under a railway bridge; the only means of transportation for hundreds of square miles was
by rail, river or lake, there were no roads, we had noted on our maps that there was an
abandoned gold mine near the bridge – so we decided to see if we could locate the mine.
We could not get up to ground level on the mine side of the river as it was a sheer rock
face while the other side was an earth embankment. As we had canoed up we had heard a
train so we felt safe in walking across the trestle bridge but to our horror when we were
on the bridge we heard another train in the distance and had to get over to the other side
in a real hurry, we stood at the side as the train passed and incredibly it slowed down and
stopped. Shortly afterwards the engineer walked back, he had seen us and thought we
were waiting for a ride, he explained that it was normal for them to pick up random
people along the route. He inquired about our well being (most likely worried about our
sanity); this was to be typical of the friendly, concerned manner of the Northern Ontario
people that we met on the trip.
The train went on its way, we took a compass setting and trekked off in the direction of
the Joburg mine, we found an old overgrown trail which could only have been created by
the constant flow of people between the railway line and the mine so off we went down
the trail. Reality and fear crept in when we saw bear paw prints in the muddy trail and
then moose prints so we quickly turned tail and headed back to the bridge as our Bowie
knives would have been no defence at all. Our choices left us in a real quandary – bears
and moose behind or the bridge ahead, obviously we choose the bridge and lived to tell that take dozens, maybe hundreds, of times.

This is only up to day 3 of a 30 plus day trip – but for now I’ll stop right there and test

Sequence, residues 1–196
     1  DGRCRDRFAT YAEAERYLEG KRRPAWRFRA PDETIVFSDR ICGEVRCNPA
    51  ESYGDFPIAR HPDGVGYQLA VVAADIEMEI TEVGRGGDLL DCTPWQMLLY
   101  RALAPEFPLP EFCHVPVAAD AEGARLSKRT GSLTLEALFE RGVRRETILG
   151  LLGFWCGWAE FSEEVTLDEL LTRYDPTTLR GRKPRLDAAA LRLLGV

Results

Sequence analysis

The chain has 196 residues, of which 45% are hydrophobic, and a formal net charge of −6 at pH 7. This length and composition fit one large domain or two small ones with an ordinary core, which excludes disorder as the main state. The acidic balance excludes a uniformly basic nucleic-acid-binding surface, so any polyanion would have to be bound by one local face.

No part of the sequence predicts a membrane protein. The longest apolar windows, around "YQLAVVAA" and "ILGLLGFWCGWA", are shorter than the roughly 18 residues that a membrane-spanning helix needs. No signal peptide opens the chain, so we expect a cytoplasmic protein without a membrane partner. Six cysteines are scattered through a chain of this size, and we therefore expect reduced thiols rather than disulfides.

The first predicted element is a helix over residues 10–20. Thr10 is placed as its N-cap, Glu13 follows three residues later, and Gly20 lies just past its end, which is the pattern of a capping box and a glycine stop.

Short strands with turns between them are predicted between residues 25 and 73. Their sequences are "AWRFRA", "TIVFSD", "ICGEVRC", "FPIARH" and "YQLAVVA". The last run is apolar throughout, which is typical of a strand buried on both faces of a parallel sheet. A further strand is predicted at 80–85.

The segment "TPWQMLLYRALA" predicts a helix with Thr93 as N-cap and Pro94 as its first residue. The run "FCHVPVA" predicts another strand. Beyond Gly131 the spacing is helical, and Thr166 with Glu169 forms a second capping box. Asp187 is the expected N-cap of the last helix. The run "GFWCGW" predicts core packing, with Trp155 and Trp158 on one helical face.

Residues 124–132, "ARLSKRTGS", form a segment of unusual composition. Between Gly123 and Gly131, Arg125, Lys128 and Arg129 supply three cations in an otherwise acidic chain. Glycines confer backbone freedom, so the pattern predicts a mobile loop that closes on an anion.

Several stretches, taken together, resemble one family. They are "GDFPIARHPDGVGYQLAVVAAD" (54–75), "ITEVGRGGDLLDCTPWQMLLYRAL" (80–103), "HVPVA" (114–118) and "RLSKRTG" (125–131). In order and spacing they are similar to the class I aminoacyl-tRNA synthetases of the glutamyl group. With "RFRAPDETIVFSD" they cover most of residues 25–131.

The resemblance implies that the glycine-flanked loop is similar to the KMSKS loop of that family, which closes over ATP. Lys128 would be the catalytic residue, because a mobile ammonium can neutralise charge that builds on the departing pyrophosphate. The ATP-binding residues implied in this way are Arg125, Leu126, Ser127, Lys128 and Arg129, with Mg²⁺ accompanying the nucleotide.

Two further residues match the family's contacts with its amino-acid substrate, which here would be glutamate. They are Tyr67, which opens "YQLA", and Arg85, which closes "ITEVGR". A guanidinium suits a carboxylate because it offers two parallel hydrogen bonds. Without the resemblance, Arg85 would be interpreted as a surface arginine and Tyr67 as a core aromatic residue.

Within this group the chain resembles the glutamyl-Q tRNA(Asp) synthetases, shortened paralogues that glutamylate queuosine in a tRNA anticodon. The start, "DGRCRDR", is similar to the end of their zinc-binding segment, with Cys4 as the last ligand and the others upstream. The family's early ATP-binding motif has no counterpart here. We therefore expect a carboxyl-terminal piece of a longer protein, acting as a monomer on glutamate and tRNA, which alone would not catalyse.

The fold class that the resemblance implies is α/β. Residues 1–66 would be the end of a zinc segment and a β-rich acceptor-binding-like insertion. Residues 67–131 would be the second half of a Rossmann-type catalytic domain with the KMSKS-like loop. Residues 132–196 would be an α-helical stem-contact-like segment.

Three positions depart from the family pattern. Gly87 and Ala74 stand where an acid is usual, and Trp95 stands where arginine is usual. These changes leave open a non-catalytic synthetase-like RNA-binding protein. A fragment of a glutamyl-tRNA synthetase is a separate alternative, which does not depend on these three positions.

your interest for more tales.
Barry Stuart Harvey passed away December17th 2014 but his stories will live on……

RIP MY GOOD FRIEND.

By GunnerNr5

Arteta’s Biggest Challenge

It is a very long wait till our boys glide on the green carpet again, and although the international football is not without entertainment, the interlul period is one to be endured by us club football fans.

The good thing about the interlul interruptions is that it gives Arteta time to tweak and improve the tactical side of things. With this young team this is of course very important.

Taking 10/12 points from our last betwixt interluls run of games and beating the Spuds convincingly, is a great turnaround for Arteta.

Arteta won two of his games without Xhaka, but he will now have to do much longer without his conductor. This will be his biggest challenge during this interlul: how to get the balance right in midfield. We have discussed this during a previous post, so not much point to discuss it again.

The big question for this post is: how can we get more goals? We are not scoring enough goals as yet and I don’t have to tell you the stats.

Auba is improving but remains wasteful.

Laca and Pepe are underused and I feel Arteta cannot afford to bench them so much going forward.

Balogun and Nketiah may offer the spark in attack we desperately need. Or is Martinelli the answer?

The extra goals could also come from our young dogs Emile, Bukayo and Martin. I reckon this is Arteta’s biggest wish, but it may need more time. The Spuds goals showed us what they are capable of, but the Seagulls game showed us they remain a work in progress.

So I don’t really know the answer and would love to hear your preferred solutions in getting the ball more often in the net…

By TotalArsenal

Arsenal v BHA 8 Observations

BHA 0-0 Arsenal

Not a game for many words, but here are my eight observations:

  1. BHA had the better chances but we only gave away half chances. The defence stood strong on the ground and, most pleasingly, in the air too. Another clean sheet after conceding nine in the first three games, now that is a great turnaround (one goal conceded in the last four);